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May is National Bike Month, and the SouthEast Alaska Regional Health Consortium (SEARHC) is hosting two Doc Talks this month focused on cycling and exercise.

The first event is a talk called, “Why Bike? The Astounding Benefits of Riding a Bicycle,” presented by Irbert Vega, MD. Dr. Vega’s talk starts at 6 p.m. on Tuesday, May 1, at the Sitka Public Library.

The second event is a talk called, “Exercise as Medicine,” presented by Gio Villanueva, DPT. Gio’s talk is at 6 p.m. on Tuesday, May 15, at the Sitka Public Library.

Healthy snacks and refreshments will be provided. These free events are open to the entire community of Sitka. For more information, call Jo DeBell at 966-8728.

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Have you seen a SouthEast Alaska Regional Health Consortium (SEARHC) provider in Sitka since October 2017? If so, SEARHC wants to give you $100 toward a new bike from Yellow Jersey Cycle Shop during the month of May, which is National Bike Month. In partnership, Yellow Jersey Cycle Shop also is offering an additional credit for safety accessories when you purchase a bike with this promotion.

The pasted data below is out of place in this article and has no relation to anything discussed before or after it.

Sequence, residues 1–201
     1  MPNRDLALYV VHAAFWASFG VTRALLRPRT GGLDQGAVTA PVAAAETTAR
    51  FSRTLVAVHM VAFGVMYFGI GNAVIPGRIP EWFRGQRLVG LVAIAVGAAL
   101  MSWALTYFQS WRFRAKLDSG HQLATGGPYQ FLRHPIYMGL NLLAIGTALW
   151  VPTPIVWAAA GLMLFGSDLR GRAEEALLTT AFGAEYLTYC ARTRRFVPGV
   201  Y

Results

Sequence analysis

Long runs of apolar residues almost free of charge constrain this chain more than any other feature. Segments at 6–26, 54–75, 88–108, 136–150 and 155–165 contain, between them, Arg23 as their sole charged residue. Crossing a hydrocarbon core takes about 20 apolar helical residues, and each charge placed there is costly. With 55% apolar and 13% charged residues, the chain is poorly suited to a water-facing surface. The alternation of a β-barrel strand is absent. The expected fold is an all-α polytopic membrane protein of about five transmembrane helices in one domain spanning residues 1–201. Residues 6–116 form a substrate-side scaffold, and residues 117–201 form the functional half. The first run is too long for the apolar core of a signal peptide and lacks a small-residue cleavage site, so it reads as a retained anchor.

SEARHC will give away 50 gift certificates for $100 off the purchase of a new bicycle for patients who saw SEARHC medical providers from Oct. 1, 2017, through May 31, 2018. New patients can take advantage of this offer, too. Just schedule an appointment with a Sitka SEARHC provider before the end of May, or before the certificates are gone.

SEARHC’s Sitka Campus is one of seven current (down from 11) Bicycle Friendly Businesses in Alaska, and the only one outside Anchorage. This promotion demonstrates SEARHC’s continued passion for bikes.

Learn more by contacting Holly Marban at 966.8938 or hmarban@searhc.org.

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Sitka Community Hospital and the SouthEast Alaska Regional Health Consortium (SEARHC), in collaboration with the Sitka Bicycle Friendly Community Coalition, Walk Sitka, and Sitka Health Summit, will host the Sitka Winter Clean Commute Challenge during the month of February.

This event is a walking and/or bicycling commuting challenge where Sitkans can record and report their mileages while reducing carbon emissions, improving their health, and possibly winning prizes. This event starts on Feb. 1 and ends on Feb. 28. There will be a kick-off meeting from 6-7 p.m. on Tuesday, Jan. 30, at the Sitka Public Library.